Good parody in any medium is a tough act to accomplish. The subjective nature of humour and the subject of your affection can make this a tricky minefield to navigate. Retro City Rampage: DX arrives on the PlayStation 4 having attempted to do this on numerous platforms since its initial 2012 release and hopes to still resonate on a new generation of consoles.
Let it be said, this is not a game confused about its tone or audience. Through the game’s numerous stages, playful shots are fired in all directions at targets ranging from Smash TV, Metal Gear and numerous classic ’80s movies. References and jokes are flung at you with scattered abandon via a sandbox which acts more like a hub world that links the game’s 60+ stages. The world, akin to the original Grand Theft Auto offers a 2D landscape packed with an astounding sense of detail reminiscent of Rockstar’s later work. Pun-laden store fronts and billboards add further colour to a bright world and, whilst it seems overdone at times, you can’t help but admire the effort and love that’s gone into crafting Theftopolis.
This extends to the look and sound of the game with a really fitting 8-bit soundtrack and some extensive visual filters that pluck at your nostalgia strings even more. There’s some nerdy attention to detail as you scroll through and see how they’ve tried to replicate the look of everything from a Commadore 64 to a Virtual Boy. The gritty, muddied look of an arcade monitor is incredibly well-realised and The whole package is enveloped in this 80s retro charm which all fits very well.
The plot is nonsense but the main thread involves you scouring the town securing car parts for Doc Choc, a non-union equivalent of Back to the Future’s Doc Brown as he attempts to fix his time-travelling Delorean. Along the way you’ll encounter a persistent nemesis in a moustachioed robot enthusiast who you will regularly have to thwart. Its suitably daft and the main quest does offer some narrative to a game which mostly resembles a disjointed sketch show.
Out in the open, the game plays like a Grand Theft Auto clone with people to maul, weapons to find and mayhem to create. In contrast, the game’s many stages feel like separate entities designed mostly to mimic and make fun of gaming’s 8-bit past. Amongst these are homages to twin-stick shooters, stealth action, side-scrolling shooters and good old Frogger, complete with their own set of core mechanics. Its incredibly varied, although some stages don’t hit the heights they’re aiming for. There’s the obligatory tailing mission which provided some early frustration and the stomp mechanic requires a little precision which the controls don’t honestly allow for. Thankfully, stages like this rarely outstay their welcome. Everything proceeds at a breakneck pace but it can result in roadblocks appearing more troublesome than in other games. In-keeping with most sandbox titles, side-missions and slaughter sprees offer some optional diversions for those wanting additional challenges, some of which are exclusive to the DX release of the game. Power ups offer perks like super speed and vigilante missions see you take on the role of a certain caped crusader.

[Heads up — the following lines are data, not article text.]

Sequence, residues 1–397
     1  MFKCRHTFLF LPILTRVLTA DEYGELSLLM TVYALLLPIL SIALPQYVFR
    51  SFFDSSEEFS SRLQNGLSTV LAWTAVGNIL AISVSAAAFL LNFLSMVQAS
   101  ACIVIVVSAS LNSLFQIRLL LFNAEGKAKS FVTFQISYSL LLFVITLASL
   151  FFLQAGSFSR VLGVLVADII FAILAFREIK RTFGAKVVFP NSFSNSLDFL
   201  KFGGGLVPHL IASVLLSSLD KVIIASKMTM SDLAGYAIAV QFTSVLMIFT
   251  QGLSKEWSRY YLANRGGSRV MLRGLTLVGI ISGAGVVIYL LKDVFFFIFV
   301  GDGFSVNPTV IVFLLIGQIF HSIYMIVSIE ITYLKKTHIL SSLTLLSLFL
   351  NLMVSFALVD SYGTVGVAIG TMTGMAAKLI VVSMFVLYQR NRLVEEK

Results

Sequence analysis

With the game striving so hard to be faithful to its muse, there are situations when the game can overstep the mark. The humour especially is so constant and full-blooded that it could turn some people away. Its good for the most part but there are definite instances of jokes falling flat (the entire Metal Gear stage rubbed me the wrong way) and the tempo of proceedings can both help and hinder this. Your experience may vary but the short, sharp jabs of humour weren’t as grating as I anticipated. You’ll know within 10 minutes whether you’re on board. Be prepared, at times, to tolerate it.
Retro City Rampage: DX is a cartoony, full-throttled love letter jammed full of content which I would recommend to anyone willing to tolerate a fast-pasted, sometimes overbearing experience. The gameplay offers mostly a fun, varied playthrough with plenty to see along your 6 hour journey. Even after times of frustration, I found myself being won over by V-Blank’s detailed world and sheer ambition whilst persevering to see what lay around the next turn. Its definitely worth your time.